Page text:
Tag Archives: Citizen science

Citizen science – part 2

This week, we are kicking off season two of our citizen science campaign! 3000 die-hard participants (from the 4400 we had last year), will again install a garden dagger in their garden to monitor extreme weather events across summer. So … Continue reading

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The tastiest sensor

Case in point that community science has so much more dimensions than we’re used to: we now have our ‘garden dagger’ microclimate sensor turned into chocolate! A tasty treat to all participants of the citizen science project who join us … Continue reading

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Another year of microclimate citizen science!

‘CurieuzeNeuzen in de Tuin’ (CNidT), the large-scale citizen science project on drought, heat and moisture in gardens is playing extensions. After a summer that was exceptionally wet, the project hopes to collect additional data on heat and drought. Find out … Continue reading

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The fingerprint of last weeks’ heavy precipitation on soil moisture in Flemish gardens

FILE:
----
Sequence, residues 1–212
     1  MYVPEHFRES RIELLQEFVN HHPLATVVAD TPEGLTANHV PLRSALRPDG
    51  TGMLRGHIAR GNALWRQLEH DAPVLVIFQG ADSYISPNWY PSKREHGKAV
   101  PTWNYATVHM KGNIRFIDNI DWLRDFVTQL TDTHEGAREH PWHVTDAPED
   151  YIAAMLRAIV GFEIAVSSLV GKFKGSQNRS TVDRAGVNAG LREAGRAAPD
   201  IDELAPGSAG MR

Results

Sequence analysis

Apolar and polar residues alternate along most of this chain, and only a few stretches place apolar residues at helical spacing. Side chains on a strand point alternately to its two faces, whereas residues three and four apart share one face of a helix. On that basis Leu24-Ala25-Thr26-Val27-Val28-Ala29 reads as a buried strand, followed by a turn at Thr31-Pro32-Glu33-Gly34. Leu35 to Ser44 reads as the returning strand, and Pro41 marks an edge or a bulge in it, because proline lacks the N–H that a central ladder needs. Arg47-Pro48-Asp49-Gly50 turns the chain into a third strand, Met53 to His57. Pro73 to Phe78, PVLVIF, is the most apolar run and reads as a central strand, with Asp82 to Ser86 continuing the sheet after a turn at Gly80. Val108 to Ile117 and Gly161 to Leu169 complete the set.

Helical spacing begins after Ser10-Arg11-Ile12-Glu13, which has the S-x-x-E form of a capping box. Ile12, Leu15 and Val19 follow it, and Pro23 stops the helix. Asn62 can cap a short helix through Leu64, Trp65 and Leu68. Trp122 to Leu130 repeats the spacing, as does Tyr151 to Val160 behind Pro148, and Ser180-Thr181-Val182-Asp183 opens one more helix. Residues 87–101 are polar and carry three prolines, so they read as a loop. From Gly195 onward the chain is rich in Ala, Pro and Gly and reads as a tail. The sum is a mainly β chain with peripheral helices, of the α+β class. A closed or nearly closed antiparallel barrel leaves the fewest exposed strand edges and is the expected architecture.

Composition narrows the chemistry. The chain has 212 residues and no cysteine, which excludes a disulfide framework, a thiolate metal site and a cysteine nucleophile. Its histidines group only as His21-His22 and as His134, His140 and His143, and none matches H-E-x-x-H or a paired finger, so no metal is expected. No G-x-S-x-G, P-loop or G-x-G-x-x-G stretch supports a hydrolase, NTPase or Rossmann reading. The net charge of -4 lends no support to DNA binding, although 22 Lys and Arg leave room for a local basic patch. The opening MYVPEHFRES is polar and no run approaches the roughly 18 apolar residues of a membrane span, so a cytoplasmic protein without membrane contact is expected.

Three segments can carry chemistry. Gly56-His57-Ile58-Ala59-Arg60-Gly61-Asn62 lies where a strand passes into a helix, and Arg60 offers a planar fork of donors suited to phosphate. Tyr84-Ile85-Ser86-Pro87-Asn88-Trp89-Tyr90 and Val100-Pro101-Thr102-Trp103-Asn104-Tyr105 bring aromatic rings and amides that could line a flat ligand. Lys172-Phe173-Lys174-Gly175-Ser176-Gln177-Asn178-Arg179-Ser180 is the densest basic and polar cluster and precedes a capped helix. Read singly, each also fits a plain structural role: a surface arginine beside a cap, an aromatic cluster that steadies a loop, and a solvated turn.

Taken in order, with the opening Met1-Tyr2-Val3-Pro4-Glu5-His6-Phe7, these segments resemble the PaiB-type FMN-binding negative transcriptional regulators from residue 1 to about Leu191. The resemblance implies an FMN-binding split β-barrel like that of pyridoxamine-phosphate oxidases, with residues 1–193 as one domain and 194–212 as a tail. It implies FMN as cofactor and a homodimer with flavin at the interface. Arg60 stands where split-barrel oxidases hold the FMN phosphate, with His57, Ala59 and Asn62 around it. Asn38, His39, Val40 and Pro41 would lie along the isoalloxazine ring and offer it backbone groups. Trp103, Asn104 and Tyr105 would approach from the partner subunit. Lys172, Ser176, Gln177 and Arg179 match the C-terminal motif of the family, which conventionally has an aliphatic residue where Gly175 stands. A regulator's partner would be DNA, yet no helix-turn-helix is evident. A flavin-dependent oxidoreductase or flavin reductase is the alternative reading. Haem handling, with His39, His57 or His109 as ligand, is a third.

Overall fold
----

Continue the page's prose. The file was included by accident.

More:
Last week, the southeast of Belgium had to cope with extreme precipitation, resulting in hallucinatory images of floodings. These large amounts of precipitation also leave clear traces in the soil moisture measurements of the CurieuzeNeuzen microclimate network. As you can … Continue reading

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The hottest lawns are not always in the city

According to the first results of our citizen science project ‘CurieuzeNeuzen in de Tuin’, lawns in urban gardens can also be quite cool. This came as a bit of a surprise. [English summary based on today’s discussion of our results … Continue reading

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Good family man or sulking teenager: an update on our data network

The data from the lawn network of our citizen science project (CNidT) is transmitted via the Internet of Things. With its 5,000 connected sensors, CNidT is also the largest Internet of Things network in Belgium. Pioneering work, therefore, and that … Continue reading

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